*Pic: This incredibly stark photo illustrates Hydro’s problem … Taken March 5 by Isla MacGregor of Lake Burbury. Part of the flooded Crotty settlement is now exposed and water levels are down to just over 6 metres … and the forecasts for rain are not rosy …
The Buck stops here … Pic of Matthew Groom in Parliament
The big danger in the aftermath of the Basslink debacle is the search for someone to blame will divert attention from finding the best solution.
At last week’s Senate hearings in Hobart, Michael Negnevitsky, UTAS engineering professor nailed it when he said “… the failure of the Basslink has to be viewed not just as a disaster … but … as a wake-up call … in 10 years’ time we may not recognise our power systems … (which) in the last five years have changed much more than in the previous 50 years.”
It’s not just a wake-up call from an energy security viewpoint but also from the perspective of the government’s fragile budgetary position as it begins to grapple with the costs of the outage and the after-effects.
The roles of participants will give a glimpse of how the State sector works.
The cash costs of at least $200 million will be borne by Hydro Tasmania. It will have to find the money from somewhere. It won’t come from the Consolidated Fund which would directly impact the general government’s budget. But it will come via the back door, either from TasNetworks or from Tascorp.
The impact on the State’s overall position will be the same. This position will also be affected by the expected massive write-down in the value of Hydro’s generating assets, reflecting reduced future income as dam levels are restored. In 2005 Hydro wrote down the value of its generating assets by $1 billion. A similar write-down would not surprise.
The general government which comprises all the departments and agencies has relied on returns from government businesses to top up revenue from the Feds and from own source taxation. The three electricity companies (Hydro, Tas Networks and Aurora Energy) have been the big contributors.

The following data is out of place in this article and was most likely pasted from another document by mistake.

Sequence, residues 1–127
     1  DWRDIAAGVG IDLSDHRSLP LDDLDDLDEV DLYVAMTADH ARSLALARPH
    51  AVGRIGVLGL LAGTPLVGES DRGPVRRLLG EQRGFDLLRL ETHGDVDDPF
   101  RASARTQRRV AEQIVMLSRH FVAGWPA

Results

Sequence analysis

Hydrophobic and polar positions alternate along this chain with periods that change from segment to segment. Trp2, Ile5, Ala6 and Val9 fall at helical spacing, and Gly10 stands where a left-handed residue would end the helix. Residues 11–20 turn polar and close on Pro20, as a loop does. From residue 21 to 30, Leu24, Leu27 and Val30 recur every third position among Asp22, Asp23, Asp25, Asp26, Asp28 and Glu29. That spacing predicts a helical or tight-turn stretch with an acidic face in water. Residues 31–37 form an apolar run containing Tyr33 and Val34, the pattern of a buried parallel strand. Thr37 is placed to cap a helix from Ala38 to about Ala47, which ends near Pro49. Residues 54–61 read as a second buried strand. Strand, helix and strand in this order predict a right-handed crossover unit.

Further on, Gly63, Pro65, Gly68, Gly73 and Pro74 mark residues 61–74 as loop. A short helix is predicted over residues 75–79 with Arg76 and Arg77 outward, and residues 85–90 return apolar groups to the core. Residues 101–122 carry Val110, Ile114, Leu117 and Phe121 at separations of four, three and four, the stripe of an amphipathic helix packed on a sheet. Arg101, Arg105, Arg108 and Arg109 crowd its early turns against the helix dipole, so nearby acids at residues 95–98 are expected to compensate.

The other notable government business is Tascorp, the government’s finance arm, which borrows long term and on-lends to government businesses, mainly Hydro and Tas Networks. Most other borrowings are small as businesses are unable to service debt. Tas Racing for instance has its interest paid for by government.
Hydro has been desperately trying to reduce debt but the demands of recent governments have made this impossible. Last year’s injection of $205 million from Tas Networks was a Clayton’s capital reconstruction. Half went as returns to the government and the other half used to fund annual capital expenditure. None was used to reduce debt.
In Treasurer Gutwein’s first budget handed down in August 2014, a special dividend from Hydro of $75 million was included in the forward estimates for 2017/18 enabling the Government to proclaim a return to surplus as promised.
If ever there was a demonstration that forward estimates are meaningless this was it.
Hydro was advised of the intended dividend on the day before the Budget was handed down. Two months later the idea was scrubbed when the realities of Hydro’s position were made plain. Subsequent correspondence from the Treasurer obtained under RTI confirms varying degrees of interest by the Treasurer in Plan B to sell off Entura, the Tamar Valley Power Station and the retail arm Momentum Energy.
The only asset not included on the For Sale list was Hydro’s 25% share in the Musselroe/Woolnorth wind farms. Hydro’s position has worsened considerably since with the Basslink outage. It will struggle to pay its way whilst restoring dam levels, forgoing income from renewable energy certificates and paying Basslink commitments and interest to Tascorp. It won’t have to pay anything to government as it won’t be profitable.
Tas Networks, responsible for all electricity transmission and distribution, is told by the Australian Energy Regulator (AER) every five years what its assets are worth and what prices to charge so as it can cover costs which include interest on borrowings equal to 60% of its assets, plus allow a return on the remaining 40%. Over 90% of profits end up with the government. Regulated competition is a cosy arrangement.